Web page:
Tip Of the Day: 3-way Mirrors


Today’s tip…

 

In Windows Server 2012 Storage Spaces and Windows 8 Storage Spaces, a 2-way mirror requires at least 2 physical disks.  However, a 3-way mirror requires at least 5 physical disks.

 

The reason is that a 3-way mirror uses a quorum.  In order to keep running, the mirror space must keep over 50% of the disks functioning.  So a 3-way mirror must have at least 5 physical disks to be able to survive the loss of up to 2 physical disks.

 

A 2-way mirror does not require this type of majority vote.

Comments (5)

  1. MartinJ says:

    According to http://technet.microsoft.com/en-us/library/jj822937.aspx "•For two-way mirroring on failover clusters, you must have at least three physical disks." Which is correct?

  2. MartinJ says:

    Ah, sorry! The difference being, that "normal" Storage Spaces with 2-way mirroring needs two physical disks, while a Storage Space with 2-way mirroring for Failover Cluster needs at least three physical disks. But then, can someone explain why, there are
    different requirements for 2-way mirroring, when used for Failover Clusters?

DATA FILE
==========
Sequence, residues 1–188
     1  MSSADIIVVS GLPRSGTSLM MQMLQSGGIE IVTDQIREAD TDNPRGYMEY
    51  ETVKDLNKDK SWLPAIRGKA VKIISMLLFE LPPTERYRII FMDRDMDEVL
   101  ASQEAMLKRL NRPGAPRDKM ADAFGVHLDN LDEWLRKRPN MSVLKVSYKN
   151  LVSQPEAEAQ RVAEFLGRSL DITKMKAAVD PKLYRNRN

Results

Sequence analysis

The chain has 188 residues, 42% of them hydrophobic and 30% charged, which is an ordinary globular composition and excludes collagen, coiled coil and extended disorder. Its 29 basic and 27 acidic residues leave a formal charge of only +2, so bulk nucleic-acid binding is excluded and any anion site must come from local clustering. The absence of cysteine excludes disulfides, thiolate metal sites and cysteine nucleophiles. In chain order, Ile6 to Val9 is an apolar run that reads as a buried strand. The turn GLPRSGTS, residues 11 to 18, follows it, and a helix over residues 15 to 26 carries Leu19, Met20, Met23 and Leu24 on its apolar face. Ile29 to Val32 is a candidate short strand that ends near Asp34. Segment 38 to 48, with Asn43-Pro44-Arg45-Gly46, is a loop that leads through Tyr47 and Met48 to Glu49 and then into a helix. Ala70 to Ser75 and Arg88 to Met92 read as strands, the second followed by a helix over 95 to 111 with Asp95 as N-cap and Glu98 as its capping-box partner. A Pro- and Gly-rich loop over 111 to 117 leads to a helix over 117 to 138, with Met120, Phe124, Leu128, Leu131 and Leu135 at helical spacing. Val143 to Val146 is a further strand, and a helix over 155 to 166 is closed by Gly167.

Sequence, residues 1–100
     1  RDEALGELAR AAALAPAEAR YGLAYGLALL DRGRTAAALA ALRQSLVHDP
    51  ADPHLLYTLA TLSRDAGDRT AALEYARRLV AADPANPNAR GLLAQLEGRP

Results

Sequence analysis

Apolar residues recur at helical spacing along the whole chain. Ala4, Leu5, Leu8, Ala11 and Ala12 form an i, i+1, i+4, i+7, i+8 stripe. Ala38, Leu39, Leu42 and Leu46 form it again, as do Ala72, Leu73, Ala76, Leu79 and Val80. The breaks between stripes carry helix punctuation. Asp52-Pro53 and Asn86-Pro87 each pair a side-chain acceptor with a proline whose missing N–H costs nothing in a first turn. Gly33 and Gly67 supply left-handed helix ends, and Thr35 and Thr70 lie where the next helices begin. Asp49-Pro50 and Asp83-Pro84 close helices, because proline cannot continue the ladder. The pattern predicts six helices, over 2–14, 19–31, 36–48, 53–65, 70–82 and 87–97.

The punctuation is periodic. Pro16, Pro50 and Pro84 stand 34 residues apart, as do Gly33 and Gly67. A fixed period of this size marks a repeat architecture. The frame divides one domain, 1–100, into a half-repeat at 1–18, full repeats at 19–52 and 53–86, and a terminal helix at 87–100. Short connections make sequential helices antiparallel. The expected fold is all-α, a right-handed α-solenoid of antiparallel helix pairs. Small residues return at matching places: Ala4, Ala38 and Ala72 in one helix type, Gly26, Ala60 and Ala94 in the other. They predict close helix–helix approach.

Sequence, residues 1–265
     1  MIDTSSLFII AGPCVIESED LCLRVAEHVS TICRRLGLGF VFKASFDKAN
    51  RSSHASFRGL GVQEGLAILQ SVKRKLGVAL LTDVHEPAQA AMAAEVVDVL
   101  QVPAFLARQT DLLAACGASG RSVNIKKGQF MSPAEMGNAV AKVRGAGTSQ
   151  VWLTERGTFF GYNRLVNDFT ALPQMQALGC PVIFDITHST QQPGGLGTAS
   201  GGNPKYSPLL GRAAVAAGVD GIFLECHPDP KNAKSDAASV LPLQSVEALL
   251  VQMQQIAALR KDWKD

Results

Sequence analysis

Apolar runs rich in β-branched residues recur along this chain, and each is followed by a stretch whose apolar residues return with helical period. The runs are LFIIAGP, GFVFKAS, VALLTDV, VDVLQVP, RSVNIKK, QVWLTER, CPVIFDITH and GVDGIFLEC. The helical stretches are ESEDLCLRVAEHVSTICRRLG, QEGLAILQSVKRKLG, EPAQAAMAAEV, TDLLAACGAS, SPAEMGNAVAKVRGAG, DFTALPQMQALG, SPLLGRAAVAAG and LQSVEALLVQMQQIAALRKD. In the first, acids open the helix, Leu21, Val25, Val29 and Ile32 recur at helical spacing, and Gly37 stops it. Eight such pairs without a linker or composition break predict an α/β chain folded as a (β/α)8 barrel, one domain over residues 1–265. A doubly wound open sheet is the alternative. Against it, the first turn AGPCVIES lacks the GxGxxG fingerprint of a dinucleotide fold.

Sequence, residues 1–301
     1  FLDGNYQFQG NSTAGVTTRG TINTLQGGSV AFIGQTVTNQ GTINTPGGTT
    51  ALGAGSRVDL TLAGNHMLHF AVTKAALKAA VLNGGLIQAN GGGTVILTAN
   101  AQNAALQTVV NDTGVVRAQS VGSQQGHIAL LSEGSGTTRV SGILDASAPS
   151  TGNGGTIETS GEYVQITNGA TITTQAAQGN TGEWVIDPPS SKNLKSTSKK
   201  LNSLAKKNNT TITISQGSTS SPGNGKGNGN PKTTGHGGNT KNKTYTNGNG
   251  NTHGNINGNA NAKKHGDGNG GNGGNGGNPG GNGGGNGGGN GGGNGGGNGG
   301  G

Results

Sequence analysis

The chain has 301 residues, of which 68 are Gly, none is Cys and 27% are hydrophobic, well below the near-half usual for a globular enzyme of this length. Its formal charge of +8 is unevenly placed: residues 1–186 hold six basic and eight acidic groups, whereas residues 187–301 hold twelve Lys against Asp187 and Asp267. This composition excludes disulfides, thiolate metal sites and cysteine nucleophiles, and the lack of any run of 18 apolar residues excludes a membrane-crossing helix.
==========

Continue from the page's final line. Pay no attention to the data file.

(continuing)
3. Bob Hyatt says:

    I think the 3rd disk is to maintain the mirror at full capacity even if a disk fails – in a normal mirror a single disk failure puts the mirror into a degraded state. Same for 3-way – 2 extra disks are needed to accommodate the (increasingly common) failure
    of 2 disks at once

  4. Bob Hyatt says:

    I think the 3rd disk is to maintain the mirror at full capacity even if a disk fails – in a normal mirror a single disk failure puts the mirror into a degraded state. Same for 3-way – 2 extra disks are needed to accommodate the (increasingly common) failure
    of 2 disks at once

  5. James B says:

    A three way mirror, or a mirror in a cluster needs a majority quorum on the Disk map, which is stored in its entirety on each disk. A two way mirror technically could need this, but doesn’t for accessibility reasons. three way mirrors or clusters are intrinsically
    ‘enterprisy’ and so can justify the extra complexity.

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